The CW is adding a new shade of action to their super-powered lineup with a mid-season series based on one of DC Comics' first black heroes, starring Cress Williams (Hart of Dixie). So if you plan to impress the Comic-Con crowd, now is the perfect time to bone up on the adventures of Jefferson Pierce, an ex-Olympian with the ability to manipulate energy who returns home to clean up his rundown Metropolis neighborhood.
It takes a special sort of TV fan to dive deeper into the world of Twin Peaks, because you know it may not make sense or give you any answers. And that is a lot of the fun of TP co-creator Frost's semi-prequel about the strangest town ever's early days. Going back as far as Lewis and Clark, this tome is loaded with letters, maps, documents and a shadowy Archivist on the trail of various otherworldly phenomena that all—maybe—play into the Laura Palmer of it all and the current revival. You have to check it out and make the decision yourself. Twin Peaks, Sundays, 9/8c, Showtime.
For years, it was believed that this was an unfilmable book, and for good reason! Gaiman's visionary epic of old and new gods preparing for battle is so textured and surreal and perfectly out there, that to capture its gory glory would take—well, God-like skills. And guts. Which series creators Bryan Fuller and Michael Green clearly have in spades, because their Starz take on the 2007 classic may be the boldest, bloodiest and most visually arresting viewing experience we've feasted on in years. Season 1 is just ending, and it has only scratched the surface of the sprawling story, which will continue in a second season. Treat yourself to a summer thrill ride with this one. American Gods airs Sundays, 9/8c, on Starz; Season 1 finale airs June 18.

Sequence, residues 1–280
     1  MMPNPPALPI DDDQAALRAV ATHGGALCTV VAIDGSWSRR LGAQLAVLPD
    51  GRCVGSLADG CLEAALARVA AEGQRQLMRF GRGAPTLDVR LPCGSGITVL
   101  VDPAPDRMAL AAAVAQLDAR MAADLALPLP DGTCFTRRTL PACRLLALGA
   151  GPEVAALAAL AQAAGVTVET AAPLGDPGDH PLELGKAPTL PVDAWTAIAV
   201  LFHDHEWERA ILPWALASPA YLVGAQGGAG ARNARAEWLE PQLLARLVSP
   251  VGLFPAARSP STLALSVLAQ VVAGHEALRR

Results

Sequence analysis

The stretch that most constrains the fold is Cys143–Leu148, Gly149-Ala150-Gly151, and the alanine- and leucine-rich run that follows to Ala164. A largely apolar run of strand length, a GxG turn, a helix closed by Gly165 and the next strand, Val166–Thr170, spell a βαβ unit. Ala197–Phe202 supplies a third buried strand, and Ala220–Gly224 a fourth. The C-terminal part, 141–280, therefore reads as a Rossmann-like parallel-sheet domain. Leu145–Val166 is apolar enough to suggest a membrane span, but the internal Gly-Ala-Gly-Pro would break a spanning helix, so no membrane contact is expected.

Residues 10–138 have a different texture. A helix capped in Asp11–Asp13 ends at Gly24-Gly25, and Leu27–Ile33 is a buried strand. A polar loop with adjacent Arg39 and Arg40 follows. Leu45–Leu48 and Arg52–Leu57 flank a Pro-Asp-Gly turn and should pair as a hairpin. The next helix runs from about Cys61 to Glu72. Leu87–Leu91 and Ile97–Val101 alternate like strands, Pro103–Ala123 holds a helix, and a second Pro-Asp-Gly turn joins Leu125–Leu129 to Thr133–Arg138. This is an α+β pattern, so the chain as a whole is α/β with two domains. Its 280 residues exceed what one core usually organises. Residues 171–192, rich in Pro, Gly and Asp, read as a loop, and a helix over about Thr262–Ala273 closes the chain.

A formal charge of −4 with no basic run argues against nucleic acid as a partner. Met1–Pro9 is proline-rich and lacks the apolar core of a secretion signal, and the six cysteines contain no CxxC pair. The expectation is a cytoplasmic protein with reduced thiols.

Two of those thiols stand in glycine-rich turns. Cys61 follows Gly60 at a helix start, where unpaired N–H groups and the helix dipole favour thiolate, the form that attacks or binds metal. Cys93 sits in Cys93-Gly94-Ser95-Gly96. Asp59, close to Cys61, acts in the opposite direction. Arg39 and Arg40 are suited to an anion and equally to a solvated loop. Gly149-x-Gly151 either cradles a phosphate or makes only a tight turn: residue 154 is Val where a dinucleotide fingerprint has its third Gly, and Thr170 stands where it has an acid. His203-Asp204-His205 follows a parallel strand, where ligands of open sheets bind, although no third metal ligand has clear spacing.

Netflix has tapped Jonathan Groff (Looking), Anna Torv (Fringe) and Holt McCallany (Lights Out) to star in their upcoming series inspired by former Special Agent Douglas' 1996 account of his days tracking Seattle's Green River Killer, the Atlanta Child Murderer and other real-life, high-profile horrors. Fun fact: Silence of the Lambs' Jack Crawford was based on Douglas. David Fincher and Charlize Theron are among the series' executive producers, and Fincher will also be among the directors. Mindhunter, Oct. 13, Netflix.
Simmons loves himself an epic mixed with chills, and they come in both literal and figurative form in his hefty 2007 beast of speculative fiction. Using the historical facts of a lost Arctic expedition from the 1840s, the story finds things going from bad to straight-up bloodcurdling for the crew of the HMS Terror after their captain dies and the ship becomes stranded on the ice-covered sea. Let's just say that scurvy is the least of their worries. Tobias Menzies (Outlander) and Jared Harris (The Expanse) are currently shooting the 10-episode series for AMC, which is slated for later this year.
This is, of course, just a small amount of TV-related books out there. So tell us—which ones currently have you staying up late or stealing secret alone time these days? Let us know in the comments section.